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Pain Physician. 2004 Jan;7(1):81-92.

Evaluation of fluoroscopically guided caudal epidural injections.

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  • 1Pain Management Center of Paducah, 2831 Lone Oak Road, Paducah, Kentucky 2003, USA.



To evaluate accuracy of needle placement and flow patterns of fluoroscopically guided caudal epidural injections.


A prospective observational study of patients with low back pain undergoing caudal epidural injections under fluoroscopy.


Epidural administration of corticosteroids is one of the commonly used interventions in managing chronic low back pain. Sacral or caudal epidural placement of the needle is one of the commonly used means to access the lumbar epidural space for administration of various drugs.


A total of 100 consecutive patients underwent fluoroscopically guided caudal epidural injections. Needle insertion was performed blindly (without the use of fluoroscopic guidance) based on palpable landmarks, palpation of subcutaneous airflow, subjective impression that the needle was in a satisfactory position, and ease of injection of contrast. These clinical criteria were compared with the position of the needle as seen under fluoroscopy and the spread of radiopaque contrast in the epidural space. The contrast flow patterns, ventral or dorsal epidural filling, nerve root filling, and correlation of filling to the side of pain were evaluated.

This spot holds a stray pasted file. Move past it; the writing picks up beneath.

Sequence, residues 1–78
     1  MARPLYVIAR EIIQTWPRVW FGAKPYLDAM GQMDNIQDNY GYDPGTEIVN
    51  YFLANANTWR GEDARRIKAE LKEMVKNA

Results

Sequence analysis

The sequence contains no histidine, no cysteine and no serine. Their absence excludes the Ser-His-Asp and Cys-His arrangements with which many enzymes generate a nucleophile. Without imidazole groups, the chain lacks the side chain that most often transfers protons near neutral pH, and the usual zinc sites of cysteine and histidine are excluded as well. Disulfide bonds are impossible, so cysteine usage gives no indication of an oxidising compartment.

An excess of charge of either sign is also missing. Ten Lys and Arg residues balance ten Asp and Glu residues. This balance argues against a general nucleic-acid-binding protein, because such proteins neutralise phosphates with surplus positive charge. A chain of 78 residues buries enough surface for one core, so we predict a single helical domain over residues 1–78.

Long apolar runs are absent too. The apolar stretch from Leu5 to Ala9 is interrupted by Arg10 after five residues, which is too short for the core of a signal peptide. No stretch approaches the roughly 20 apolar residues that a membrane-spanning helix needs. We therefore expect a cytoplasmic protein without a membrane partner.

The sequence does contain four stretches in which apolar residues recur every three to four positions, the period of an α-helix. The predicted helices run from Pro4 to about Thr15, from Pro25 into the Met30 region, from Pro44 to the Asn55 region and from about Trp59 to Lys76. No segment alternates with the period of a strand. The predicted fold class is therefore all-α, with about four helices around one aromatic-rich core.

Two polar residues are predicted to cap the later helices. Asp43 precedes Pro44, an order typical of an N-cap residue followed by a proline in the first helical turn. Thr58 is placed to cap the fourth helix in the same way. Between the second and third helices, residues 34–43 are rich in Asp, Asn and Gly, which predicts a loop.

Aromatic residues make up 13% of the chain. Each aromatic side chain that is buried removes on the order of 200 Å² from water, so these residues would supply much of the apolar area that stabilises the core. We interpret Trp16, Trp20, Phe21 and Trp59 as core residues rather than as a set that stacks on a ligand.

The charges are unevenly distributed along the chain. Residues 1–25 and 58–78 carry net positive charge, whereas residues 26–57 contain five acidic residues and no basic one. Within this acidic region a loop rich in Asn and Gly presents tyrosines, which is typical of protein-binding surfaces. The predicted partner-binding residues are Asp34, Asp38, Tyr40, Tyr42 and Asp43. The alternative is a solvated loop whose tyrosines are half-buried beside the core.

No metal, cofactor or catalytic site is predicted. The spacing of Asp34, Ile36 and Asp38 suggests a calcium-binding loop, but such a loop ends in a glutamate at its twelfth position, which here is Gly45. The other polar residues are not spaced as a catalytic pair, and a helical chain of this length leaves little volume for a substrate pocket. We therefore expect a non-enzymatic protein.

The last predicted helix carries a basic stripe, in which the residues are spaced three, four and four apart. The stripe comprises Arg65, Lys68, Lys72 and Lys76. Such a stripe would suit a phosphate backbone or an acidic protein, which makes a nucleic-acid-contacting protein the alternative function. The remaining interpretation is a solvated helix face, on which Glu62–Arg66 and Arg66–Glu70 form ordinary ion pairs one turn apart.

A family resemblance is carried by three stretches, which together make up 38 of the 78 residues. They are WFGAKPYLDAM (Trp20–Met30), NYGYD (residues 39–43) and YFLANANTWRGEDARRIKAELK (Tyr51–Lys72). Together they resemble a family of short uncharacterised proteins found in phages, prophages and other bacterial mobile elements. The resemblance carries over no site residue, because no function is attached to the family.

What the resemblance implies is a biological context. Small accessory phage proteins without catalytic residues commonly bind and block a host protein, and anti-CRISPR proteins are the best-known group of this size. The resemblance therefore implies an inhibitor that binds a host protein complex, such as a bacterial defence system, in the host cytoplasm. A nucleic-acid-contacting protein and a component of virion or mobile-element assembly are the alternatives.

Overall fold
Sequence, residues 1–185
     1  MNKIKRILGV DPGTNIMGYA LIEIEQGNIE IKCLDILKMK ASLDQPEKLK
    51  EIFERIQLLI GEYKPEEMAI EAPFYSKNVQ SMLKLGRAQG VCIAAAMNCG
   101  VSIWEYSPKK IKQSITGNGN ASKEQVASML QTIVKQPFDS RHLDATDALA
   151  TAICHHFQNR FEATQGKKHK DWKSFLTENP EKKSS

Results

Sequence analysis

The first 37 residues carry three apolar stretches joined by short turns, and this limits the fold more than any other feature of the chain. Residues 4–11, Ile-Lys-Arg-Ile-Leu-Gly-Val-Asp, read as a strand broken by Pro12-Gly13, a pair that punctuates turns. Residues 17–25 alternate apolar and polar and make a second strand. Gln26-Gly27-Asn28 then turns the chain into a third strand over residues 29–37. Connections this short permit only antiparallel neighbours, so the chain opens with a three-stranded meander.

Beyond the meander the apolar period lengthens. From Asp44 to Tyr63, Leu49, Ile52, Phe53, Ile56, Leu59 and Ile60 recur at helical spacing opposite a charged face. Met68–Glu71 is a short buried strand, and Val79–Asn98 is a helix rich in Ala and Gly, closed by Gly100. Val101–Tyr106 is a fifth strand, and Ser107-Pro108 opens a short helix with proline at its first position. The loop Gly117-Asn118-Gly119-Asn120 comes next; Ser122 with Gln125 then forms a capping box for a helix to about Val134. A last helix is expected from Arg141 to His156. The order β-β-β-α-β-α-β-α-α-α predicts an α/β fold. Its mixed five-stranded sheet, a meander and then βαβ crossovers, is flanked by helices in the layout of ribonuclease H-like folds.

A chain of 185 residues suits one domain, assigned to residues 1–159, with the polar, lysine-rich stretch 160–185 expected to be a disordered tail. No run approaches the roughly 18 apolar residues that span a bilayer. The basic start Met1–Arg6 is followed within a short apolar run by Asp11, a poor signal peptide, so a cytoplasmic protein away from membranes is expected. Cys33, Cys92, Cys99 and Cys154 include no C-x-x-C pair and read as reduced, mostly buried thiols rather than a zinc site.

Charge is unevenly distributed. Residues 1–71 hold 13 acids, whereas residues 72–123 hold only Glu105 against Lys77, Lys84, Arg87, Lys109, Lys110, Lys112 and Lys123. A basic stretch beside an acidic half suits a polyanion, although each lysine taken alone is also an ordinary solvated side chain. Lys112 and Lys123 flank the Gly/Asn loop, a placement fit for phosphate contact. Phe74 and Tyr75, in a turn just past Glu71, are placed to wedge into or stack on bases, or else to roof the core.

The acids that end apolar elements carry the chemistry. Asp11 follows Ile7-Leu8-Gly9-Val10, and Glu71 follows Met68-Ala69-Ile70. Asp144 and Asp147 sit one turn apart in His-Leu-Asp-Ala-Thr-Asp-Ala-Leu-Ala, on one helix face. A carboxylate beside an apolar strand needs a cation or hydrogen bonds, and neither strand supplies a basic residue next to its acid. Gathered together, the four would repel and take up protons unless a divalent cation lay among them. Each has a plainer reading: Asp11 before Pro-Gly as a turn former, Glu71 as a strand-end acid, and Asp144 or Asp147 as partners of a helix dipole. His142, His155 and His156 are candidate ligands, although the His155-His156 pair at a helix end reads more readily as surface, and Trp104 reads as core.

Successful injection placement without fluoroscopic visualization was confirmed on subsequent fluoroscopic visualization in 77% of the patients. Various filling and flow patterns showed that with injection of 10 mL of contrast, filling was noted up to S1 in 70% of the patients, followed by L5 nerve root filling in 12% of the patients. Ventral epidural filling was seen in 69% of the patients, in contrast to dorsal filling in 92% of the patients. Nerve root filling correlated with leg pain in only 43% of the patients. Intravenous placement of the needle was noted in 14% of the patients with positive flashback and aspiration in 50% of the patients.


Caudal epidural injections are ideally performed with fluoroscopic guidance as the gold standard for accurate needle placement. However, this does not assure either targeted delivery or accurate placement of the drug.

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